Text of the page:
Holiday Lunch Builds Cooking Skills in Rehab

thanksgiving buffet after cooking skills practice

People come to rehabilitation to recover their independence. One key ingredient is regaining cooking skills.

To make treatment as functional and relevant to each patient’s life as possible, we create therapeutic activities. These combine therapy with fun activities.

Every year, the Independent Living Skills team has an annual Thanksgiving lunch to allow patients to work on increasing independence while participating in a holiday tradition that’s important to them. It’s great practice in cooking skills.

Patients plan and prepare the entire meal with assistance when needed from staff. There are many steps that go into preparing a meal that most people perform easily and automatically. After a brain injury, these tasks are often much more difficult. The meal preparation process is broken down into as many steps as needed for each individual. Each patient’s activity is agreed upon according to the individual’s goals. Patients can select items to prepare from traditional Thanksgiving menu items or contribute their own special recipes (this year we had “The Best Darn Enchiladas in the World” in addition to turkey).

We start with researching recipes on the internet or in a cookbook, giving support to the patients when they need it. The patients are then guided to determine needed ingredients and equipment. Math and problem-solving skills are used to determine the amount of ingredients needed to feed a large number of people.

Pate’s treatment kitchen then needs to be inventoried to see if any items are already in stock to prevent purchasing duplicate items and spending money unnecessarily. This may sound simple, but visual deficits are common after a brain injury. For some patients, this can be a rather challenging activity.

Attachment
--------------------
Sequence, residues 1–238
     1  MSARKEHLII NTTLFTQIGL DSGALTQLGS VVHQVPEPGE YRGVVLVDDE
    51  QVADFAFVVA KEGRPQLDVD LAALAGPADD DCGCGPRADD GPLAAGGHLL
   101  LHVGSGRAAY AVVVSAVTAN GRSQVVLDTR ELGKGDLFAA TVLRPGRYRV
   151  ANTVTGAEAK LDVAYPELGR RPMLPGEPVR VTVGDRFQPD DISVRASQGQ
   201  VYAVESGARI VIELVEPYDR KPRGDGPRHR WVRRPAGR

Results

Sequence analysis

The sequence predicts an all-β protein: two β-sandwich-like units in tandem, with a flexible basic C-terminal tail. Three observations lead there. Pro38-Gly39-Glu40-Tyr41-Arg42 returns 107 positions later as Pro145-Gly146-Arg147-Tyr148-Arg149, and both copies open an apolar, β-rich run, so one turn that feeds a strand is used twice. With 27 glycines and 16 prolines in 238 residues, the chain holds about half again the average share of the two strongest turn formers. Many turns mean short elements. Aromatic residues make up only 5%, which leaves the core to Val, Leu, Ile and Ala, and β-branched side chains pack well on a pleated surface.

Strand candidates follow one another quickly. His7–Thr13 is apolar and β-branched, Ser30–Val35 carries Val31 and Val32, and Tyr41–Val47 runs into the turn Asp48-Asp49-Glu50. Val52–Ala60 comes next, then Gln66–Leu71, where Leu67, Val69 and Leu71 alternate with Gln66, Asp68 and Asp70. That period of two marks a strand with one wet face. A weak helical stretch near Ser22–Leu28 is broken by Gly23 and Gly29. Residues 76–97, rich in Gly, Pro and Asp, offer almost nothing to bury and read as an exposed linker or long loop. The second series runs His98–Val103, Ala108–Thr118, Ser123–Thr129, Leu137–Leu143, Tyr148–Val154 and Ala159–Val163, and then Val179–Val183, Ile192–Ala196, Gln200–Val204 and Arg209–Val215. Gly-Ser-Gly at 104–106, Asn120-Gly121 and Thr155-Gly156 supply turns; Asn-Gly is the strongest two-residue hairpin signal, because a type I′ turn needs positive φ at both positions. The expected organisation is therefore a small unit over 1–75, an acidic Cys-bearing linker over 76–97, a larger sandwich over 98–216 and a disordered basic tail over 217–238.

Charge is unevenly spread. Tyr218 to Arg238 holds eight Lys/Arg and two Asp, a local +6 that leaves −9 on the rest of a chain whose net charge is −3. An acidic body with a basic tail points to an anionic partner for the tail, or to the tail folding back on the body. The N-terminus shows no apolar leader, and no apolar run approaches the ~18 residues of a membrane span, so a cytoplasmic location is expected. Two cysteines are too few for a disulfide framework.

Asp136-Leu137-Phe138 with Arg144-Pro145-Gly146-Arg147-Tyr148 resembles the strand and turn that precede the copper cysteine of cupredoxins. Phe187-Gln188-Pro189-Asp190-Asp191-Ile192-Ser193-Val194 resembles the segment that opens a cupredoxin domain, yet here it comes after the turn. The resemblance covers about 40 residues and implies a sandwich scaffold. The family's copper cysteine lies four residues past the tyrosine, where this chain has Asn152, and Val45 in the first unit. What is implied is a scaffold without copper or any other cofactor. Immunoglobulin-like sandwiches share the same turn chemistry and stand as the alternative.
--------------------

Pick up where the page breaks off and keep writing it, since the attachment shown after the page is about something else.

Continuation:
Once the list is finalized, therapists take patients grocery shopping. Some patients may have a goal to locate items, which requires a higher level of visual scanning. Others may have a goal to speak to a store clerk to work on communication skills. Keeping track of the cost of the items as they are selected works on money-management and memory.

Preparing the meal can include very basic tasks like stirring or as challenging as using a sharp knife to cut, taking hot food out of the oven, or remembering to turn off the stove. Finally, enjoying the meal allows everyone to have a reward for the hard work. During the meal, we practice social skills while enjoying the company of others.

Patients also help with cleaning after the meal. Pate addresses real-life situations, even the less pleasant ones. The patients work hard to complete this activity. It is inspiring to see how the majority of patients appreciate life and maintain a positive attitude in such a challenging situation. It is a reminder to be thankful for the small things in life and celebrate every gain.

Elizabeth Raymond, OTR/L, CBIS

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